Afternoon Bites: Pinball Revival, Yo La Tengo Returns, The Holocene, and More

  Talking Yo La Tengo and the New York Mets with Ira Kaplan. Jayson Greene chatted with Parquet Courts, whose album Light Up Gold is terrifically catchy stuff. Dustin Kurtz interviewed the man behind the new DIY-themed magazine The Holocene. Josh Levin on the pinball revival. The trailer for Hemlock Grove, based on Brian McGreevy’s novel, is up now. Eric Nelson talked about his forthcoming book The Walt Whitman House. (We published Nelson’s “A Drink Among Friends” in 2011.) New music from Hilly Eye […]

Continue Reading

Baseball, Indie Rock and Yo La Tengo with Jesse Jarnow

Big Day Coming is the new book by music journalist/WFMU DJ Jesse Jarnow that tells the story of indie rock as it evolves through the lifespan of Yo La Tengo. Jarnow paints a picture not only of a band’s lifespan or of a genre’s inception, but of multiple decades of rock n roll history, music journalism, and the city of Hoboken, New Jersey. Yo La Tengo, being a band so inextricable from their home venue, Maxwell’s in Hoboken, the place […]

Continue Reading

Bands that sound like Yo La Tengo and Beach Fossils

Posted by Jason Diamond I wasn’t going to try and be clever with the title for this post, it simply is what it is: a band that sounds like Yo La Tengo and Beach Fossils. The Hairs are from Brooklyn, and the inspiration for their sound is so simple that it’s brilliant.  There’s also hints of Belle & Sebastian turned up to ten (the organ reminds me of the group’s earlier work), and a bunch of other bands that released […]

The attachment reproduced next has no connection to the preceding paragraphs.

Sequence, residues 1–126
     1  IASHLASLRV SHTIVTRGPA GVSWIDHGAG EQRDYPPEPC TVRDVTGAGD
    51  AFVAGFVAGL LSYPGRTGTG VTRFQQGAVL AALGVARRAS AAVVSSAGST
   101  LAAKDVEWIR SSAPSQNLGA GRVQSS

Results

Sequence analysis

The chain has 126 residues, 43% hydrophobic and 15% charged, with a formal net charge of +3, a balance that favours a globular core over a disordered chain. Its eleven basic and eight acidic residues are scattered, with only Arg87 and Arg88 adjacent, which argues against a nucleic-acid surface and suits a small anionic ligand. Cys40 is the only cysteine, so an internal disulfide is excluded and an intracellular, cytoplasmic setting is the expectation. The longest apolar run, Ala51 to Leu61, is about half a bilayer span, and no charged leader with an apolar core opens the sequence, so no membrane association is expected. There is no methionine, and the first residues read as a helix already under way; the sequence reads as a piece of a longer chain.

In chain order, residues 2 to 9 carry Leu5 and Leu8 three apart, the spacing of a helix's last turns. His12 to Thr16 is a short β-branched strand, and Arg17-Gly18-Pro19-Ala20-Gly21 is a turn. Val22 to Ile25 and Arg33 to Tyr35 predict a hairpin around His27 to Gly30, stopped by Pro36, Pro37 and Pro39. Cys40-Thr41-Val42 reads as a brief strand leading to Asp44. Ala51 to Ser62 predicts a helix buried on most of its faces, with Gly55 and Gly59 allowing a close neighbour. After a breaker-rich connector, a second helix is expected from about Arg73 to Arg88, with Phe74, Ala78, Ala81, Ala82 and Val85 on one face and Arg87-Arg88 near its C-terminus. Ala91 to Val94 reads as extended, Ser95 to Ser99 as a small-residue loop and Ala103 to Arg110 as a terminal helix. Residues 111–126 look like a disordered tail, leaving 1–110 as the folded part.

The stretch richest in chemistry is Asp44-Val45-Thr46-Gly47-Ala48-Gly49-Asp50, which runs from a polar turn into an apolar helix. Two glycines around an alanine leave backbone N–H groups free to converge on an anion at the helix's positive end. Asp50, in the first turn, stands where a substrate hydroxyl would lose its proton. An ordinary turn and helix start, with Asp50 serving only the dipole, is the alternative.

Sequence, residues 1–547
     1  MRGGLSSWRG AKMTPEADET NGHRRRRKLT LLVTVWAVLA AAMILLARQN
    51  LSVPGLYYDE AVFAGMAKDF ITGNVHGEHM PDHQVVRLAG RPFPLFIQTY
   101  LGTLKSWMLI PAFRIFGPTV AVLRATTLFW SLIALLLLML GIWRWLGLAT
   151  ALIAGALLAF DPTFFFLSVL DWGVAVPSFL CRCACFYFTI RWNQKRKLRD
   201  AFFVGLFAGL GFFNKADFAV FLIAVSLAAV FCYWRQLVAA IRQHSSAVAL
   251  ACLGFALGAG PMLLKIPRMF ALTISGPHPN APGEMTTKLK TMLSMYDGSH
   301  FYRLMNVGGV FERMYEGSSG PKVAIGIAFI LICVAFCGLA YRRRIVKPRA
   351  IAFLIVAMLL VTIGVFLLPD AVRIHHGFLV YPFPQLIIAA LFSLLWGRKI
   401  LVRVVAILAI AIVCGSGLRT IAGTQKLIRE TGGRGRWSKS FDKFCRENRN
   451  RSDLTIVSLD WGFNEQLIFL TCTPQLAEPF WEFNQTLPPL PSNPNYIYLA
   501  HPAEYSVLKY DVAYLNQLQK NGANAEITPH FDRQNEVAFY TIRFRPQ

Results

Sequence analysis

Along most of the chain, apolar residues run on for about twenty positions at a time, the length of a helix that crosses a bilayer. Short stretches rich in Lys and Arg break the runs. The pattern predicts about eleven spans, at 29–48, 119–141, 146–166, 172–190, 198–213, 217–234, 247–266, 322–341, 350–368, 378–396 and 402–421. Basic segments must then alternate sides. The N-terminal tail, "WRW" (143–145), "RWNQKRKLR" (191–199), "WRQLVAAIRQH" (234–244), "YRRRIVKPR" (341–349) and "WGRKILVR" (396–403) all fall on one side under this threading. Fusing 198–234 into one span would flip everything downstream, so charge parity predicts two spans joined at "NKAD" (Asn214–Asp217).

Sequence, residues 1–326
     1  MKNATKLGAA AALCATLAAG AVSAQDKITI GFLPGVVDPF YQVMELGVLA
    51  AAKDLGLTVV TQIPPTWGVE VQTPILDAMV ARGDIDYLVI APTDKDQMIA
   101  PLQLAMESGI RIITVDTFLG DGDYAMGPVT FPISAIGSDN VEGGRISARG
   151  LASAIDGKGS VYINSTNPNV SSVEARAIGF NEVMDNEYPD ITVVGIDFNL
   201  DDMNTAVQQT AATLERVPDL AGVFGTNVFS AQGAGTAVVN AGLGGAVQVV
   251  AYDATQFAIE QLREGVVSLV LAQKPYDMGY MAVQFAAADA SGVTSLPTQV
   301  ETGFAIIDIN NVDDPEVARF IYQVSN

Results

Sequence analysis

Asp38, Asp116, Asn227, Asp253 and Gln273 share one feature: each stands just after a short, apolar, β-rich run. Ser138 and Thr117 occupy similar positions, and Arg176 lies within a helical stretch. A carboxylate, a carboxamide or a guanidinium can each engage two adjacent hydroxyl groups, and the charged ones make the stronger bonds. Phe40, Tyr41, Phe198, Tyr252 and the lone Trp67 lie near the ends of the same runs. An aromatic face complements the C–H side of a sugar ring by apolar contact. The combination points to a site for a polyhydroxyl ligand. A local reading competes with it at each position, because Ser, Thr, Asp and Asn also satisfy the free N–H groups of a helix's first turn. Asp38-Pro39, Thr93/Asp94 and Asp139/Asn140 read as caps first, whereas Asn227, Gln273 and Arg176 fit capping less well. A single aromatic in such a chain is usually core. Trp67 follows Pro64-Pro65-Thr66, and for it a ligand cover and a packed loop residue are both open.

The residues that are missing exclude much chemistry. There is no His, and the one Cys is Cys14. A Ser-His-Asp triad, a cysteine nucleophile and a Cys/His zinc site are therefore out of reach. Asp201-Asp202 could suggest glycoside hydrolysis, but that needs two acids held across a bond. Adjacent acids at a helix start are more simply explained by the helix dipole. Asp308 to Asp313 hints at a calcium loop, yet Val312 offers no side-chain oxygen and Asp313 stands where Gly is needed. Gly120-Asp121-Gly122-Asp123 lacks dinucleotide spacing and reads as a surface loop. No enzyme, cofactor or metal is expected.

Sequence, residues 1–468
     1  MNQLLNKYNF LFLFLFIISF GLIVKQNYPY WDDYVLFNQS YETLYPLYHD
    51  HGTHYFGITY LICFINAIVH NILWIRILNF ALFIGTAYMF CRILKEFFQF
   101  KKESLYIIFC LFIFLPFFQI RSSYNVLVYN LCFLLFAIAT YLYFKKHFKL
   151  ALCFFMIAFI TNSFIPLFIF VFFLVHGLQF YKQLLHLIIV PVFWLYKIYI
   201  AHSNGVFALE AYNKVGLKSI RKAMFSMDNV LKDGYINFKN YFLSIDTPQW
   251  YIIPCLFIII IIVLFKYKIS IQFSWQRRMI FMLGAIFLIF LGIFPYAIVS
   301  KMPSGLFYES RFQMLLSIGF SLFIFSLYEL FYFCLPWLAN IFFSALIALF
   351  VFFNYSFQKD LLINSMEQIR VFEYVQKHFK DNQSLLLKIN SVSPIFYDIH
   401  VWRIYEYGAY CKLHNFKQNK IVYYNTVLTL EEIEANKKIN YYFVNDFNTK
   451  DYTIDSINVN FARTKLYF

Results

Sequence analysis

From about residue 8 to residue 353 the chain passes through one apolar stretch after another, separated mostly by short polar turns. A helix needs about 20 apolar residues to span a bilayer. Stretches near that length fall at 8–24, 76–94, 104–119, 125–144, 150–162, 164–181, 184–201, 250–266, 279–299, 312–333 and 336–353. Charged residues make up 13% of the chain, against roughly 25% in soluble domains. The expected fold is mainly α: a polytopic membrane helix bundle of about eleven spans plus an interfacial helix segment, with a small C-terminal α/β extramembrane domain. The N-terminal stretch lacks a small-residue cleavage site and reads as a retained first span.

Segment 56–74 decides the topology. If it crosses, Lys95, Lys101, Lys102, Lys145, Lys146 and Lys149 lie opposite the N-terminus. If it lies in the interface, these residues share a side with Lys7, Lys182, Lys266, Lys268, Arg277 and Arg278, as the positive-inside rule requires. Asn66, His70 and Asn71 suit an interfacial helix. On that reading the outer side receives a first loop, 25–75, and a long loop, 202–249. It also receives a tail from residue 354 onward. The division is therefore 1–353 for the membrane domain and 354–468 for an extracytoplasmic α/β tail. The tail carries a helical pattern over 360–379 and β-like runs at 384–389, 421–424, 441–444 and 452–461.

Continue Reading

Bites: Juliet Linderman Interviews Paul Auster, LOOK on Display, Wes Anderson’s Music Choices, and more

Juliet Linderman, managing editor of The Greenpoint Gazette and featured reader at last month’s Vol. 1 Storytelling anniversary party, has lovingly and skillfully interviewed Paul Auster for The Rumpus. It is “lovingly” done in the sense that she clearly holds the novelist to eminent, celebratory respect, and “skillful” in that she just did it really fucking well. And Auster upholds it with his writerly charm, eclipsing the recent unpleasing flavor left atop my literary taste buds by Cormac McCarthy.

Continue Reading

Bites: Inglorious Wizerds, Keats on the big screen, Neil Gaiman’s library, Thurston on Gossip Girl, and more

“Dark wizard ain’t got no charms. They’re the foot-soldiers of a muggle-hatin’ mass-murderin’ maniac and they need to be destroyed.” Lit. John Keats gets the big screen treatment (thanks The Millions) Michael Kimball interviews Gary Lutz (Thanks The Faster Times) Well, now we know what Neil Gaiman’s library looks like (Thanks Boing Boing) “Jane Austen is dead. Get over it.” (Thanks Indichik) Deckfight pick their top five Southern novels, and take the ballsy route of excluding any Faulkner. Music “Ah, […]

Continue Reading

Bites: Reading Rainbow, Doctorow’s latest, a Twitter opera, and more

R.I.P. Butterfly in the Sky.  (If you can’t place the line, Reading Rainbow is dead.) E.L Doctorow’s new novel Homer and Langley is ready, and reviewers can’t stop comparing it to Ragtime.  Okay, he’s a “special genius for ellipsis,” blah blah blah.  Whatever, “the scandalous allure of a New York tabloid series” is totally exciting to me. On the High Line, there is a new art installation visible especially at night.  While not naked hotel-guests, the exhilerating sense of that […]

Continue Reading

Bites: Twilight, The Beets, Leonard Michaels, and asking what really matters anymore?

Hipster Runoff “tries to understand Twilight, without actually reading it.” And in doing so, writes just about the only thing on the movie/book that I’ve ever cared enough to read about. Vol. 1 Story Series reader, and contributor to the site, Tobias Carroll went to go see The Beets, Golden Triangle, and Thee Oh Sees (maybe the best lineup of the summer), and this is what he thought. Tablet discusses the essays of the late Leonard Michaels Carrie Brownstein asks […]

Continue Reading